News on Iran Protests & DemonstrationsIranian Teachers Still in Crisis As the World Celebrates...

Iranian Teachers Still in Crisis As the World Celebrates Teachers’ Day


As the world celebrated Teachers’ Day on October 5, to honor teachers and their work in educating the young generations, Iranian teachers are still struggling with unemployment, lack of wages, and poor living conditions. At a time when the younger generation of Iranians need guidance and education, their teachers are left struggling to make ends meet due to the corrupt nature of the Iranian regime.

Protests have been ongoing for the past few years as the teachers fight against the regime for the support they need, including higher salaries and better living conditions, despite security and judicial crackdowns and severe repression of the demonstrations. Several prominent teachers’ rights activists have been given long prison sentences for taking part in peaceful protests to defend their colleagues’ rights.

Activists believe that, given the poverty line set by independent economists, Iran’s teachers are practically living below the poverty line. Public schools are run with people’s money, and the quality of education there is inadequate.

Due to the poverty faced by these teachers, three teachers, Hassan Chenarani, Gholamabbas Yahyapour, and Amin Kianpour have committed suicide in the past two months.

High School math teacher, Amin Kianpour, aged 43, set himself on fire on June 27 outside the Judiciary building in Isfahan as he protested a court ruling to evict him from his home. Due to the severity of the burns, he later lost his life.

Gholamabbas Yahyapour, also a math teacher, from Fars’s province, hanged himself on September 15 due to the poverty he was living under. He had requested a 50 million toman ($2,000) bank loan but could not afford to pay the deposit of 5 million tomans (less than $200) to receive it. Three days after Yahyapour’s death, the suicide of Hassan Chenarani, a teacher from Neishabour, was reported by the Iranian Teachers’ Trade Association.

As the start of the new school year neared, teachers in Iran resumed holding successive nationwide protests throughout September. The teachers’ protests have spread to 40 cities in 20 provinces across the country.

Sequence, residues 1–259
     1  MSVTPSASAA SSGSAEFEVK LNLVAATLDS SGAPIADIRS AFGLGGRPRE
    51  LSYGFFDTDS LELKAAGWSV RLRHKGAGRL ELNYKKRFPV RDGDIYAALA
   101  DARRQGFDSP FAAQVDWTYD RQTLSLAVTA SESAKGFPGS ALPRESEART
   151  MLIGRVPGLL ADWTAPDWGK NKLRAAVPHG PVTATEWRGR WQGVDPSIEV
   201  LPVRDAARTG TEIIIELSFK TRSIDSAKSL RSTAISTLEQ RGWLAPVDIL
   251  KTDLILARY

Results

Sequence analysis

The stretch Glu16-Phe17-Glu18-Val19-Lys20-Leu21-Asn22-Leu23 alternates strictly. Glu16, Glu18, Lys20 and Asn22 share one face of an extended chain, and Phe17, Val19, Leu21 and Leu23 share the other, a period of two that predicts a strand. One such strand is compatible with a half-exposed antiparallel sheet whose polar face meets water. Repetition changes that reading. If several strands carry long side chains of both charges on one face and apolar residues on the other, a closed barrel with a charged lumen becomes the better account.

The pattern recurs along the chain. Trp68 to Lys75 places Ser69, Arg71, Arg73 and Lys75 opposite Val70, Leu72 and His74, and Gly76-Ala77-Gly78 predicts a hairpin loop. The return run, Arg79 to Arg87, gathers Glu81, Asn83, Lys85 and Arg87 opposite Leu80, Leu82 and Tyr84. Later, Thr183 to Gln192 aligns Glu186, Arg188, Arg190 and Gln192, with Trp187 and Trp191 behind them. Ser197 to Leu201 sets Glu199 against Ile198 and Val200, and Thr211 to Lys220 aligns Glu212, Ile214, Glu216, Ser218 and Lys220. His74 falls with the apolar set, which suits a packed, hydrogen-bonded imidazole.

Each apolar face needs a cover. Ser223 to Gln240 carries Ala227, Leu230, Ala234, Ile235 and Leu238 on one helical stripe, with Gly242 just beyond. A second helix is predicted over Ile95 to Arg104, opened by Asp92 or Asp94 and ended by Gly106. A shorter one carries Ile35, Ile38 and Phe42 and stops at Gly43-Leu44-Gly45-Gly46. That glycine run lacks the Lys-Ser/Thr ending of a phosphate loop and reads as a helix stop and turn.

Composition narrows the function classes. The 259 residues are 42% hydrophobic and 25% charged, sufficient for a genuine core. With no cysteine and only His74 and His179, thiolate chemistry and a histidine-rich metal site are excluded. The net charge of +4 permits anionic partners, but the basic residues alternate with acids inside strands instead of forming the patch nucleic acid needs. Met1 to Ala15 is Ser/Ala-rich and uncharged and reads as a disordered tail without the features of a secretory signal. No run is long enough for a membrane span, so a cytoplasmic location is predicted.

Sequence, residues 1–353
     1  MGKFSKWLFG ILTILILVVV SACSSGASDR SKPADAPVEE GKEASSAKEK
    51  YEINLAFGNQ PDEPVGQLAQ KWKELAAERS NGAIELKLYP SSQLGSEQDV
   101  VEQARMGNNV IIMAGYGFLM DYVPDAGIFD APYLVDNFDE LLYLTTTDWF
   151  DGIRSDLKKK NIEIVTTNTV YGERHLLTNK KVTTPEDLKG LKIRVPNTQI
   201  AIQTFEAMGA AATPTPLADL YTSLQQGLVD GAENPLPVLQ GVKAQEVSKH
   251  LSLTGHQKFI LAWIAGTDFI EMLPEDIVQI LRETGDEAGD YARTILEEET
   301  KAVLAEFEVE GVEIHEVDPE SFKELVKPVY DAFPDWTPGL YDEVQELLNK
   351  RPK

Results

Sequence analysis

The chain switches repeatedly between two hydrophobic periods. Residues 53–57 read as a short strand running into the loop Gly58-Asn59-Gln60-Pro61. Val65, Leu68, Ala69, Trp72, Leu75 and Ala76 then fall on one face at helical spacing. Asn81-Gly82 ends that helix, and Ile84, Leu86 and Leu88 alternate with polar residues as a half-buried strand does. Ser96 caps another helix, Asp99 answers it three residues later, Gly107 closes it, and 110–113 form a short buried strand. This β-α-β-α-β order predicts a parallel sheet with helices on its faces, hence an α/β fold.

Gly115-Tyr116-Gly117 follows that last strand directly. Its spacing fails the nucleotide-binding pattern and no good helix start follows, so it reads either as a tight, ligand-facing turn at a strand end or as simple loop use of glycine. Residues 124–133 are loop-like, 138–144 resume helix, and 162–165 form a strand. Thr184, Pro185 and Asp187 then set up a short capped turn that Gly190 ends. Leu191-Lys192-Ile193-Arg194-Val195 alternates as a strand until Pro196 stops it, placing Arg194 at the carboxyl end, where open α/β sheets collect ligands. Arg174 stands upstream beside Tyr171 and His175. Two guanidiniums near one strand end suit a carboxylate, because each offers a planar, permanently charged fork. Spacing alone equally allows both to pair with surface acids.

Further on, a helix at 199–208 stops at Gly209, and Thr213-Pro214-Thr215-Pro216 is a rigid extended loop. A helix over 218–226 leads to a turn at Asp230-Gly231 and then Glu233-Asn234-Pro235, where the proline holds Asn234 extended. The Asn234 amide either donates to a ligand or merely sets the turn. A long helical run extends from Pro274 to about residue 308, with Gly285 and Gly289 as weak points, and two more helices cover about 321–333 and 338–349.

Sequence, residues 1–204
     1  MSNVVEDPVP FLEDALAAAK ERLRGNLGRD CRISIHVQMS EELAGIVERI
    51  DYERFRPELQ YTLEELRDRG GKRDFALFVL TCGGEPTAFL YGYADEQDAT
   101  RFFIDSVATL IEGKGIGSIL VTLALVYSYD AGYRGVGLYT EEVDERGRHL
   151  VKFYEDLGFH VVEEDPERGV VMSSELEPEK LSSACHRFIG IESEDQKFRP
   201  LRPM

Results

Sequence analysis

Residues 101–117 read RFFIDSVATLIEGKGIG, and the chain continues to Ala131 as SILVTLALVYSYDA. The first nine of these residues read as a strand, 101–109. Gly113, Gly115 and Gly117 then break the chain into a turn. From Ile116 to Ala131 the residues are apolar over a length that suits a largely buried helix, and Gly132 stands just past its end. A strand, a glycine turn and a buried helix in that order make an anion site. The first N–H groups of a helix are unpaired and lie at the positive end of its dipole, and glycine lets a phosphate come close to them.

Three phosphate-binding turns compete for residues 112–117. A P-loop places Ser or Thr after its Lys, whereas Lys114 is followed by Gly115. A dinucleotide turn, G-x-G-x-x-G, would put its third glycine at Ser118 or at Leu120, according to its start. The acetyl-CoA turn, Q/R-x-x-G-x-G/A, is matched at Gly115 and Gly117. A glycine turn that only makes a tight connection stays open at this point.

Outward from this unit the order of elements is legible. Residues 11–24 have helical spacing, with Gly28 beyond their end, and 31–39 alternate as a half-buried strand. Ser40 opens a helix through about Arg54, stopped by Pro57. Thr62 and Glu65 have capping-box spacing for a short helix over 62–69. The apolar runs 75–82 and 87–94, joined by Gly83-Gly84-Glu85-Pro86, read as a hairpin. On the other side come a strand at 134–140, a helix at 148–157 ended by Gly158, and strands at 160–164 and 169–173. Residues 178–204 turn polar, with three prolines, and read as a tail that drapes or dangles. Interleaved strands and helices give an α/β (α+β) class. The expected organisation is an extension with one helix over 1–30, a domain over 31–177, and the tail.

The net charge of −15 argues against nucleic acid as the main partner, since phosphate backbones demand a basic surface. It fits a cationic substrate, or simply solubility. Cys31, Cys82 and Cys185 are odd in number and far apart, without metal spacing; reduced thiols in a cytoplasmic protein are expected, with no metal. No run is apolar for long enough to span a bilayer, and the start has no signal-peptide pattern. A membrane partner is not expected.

Despite the teachers in Iran protesting to fight for their legitimate rights and demands, the only response from the regime has been to give them false hope that the problems will be resolved, all the while repressing the peaceful demonstrations and arresting activists.

Numerous teacher trade unionists have been subjected to harassment, arbitrary arrests, and detentions, as well as unfair trials and lengthy prison sentences, all at the hands of Iranian authorities. Among the people currently imprisoned for exercising their rights to protest peacefully are Esmail Abdi, Mohammad Hossein Sepehri, Hashem Khastar, Nahid Fath’alian, Nosrat Beheshti, Yaghoub Yazdani, Mohammad Reza Ramezanzadeh, Hossein Hassankhani, Mehdi Fathi, Aziz Ghasemzadeh, and Zeinab Hamrang.

History teacher, Mehdi Fathi is a trade union activist from Fars’s province. Security forces violently arrested him on September 14 and detained him in prison, following years of harassment by the authorities for his involvement in union activities. Despite suffering from a heart condition, he has been denied access to medical treatment and has only been able to briefly contact his family once since his arrest.

In an article on International Teachers’ Day, The State-run daily Arman October 6, pointed to the deplorable conditions of Iran’s Teacher and wrote:

“Contrary to the support emphasized by the UNESCO, Iran’s teachers, this year and despite the coronavirus conditions, are still busy with the old pains of livelihood, dignity, lack of educational and professional justice, deprived of the impact of their professional views on policy-making, etc.

“In addition to the security perspective to their demands and protests of cultural scholars, these problems have increased the gap between a large segment of teachers and those involved.

“An example of this traumatic security view to the annoyance of the culturalists, is the detention of their activists in the past few weeks, including Aziz Qasemzadeh, Gholamreza Gholami in Shiraz, and Yaghoub Yazdani in North Khorasan. Arrests for completely guild protests against the failure to properly implement the ranking bill and their primitive demands.”

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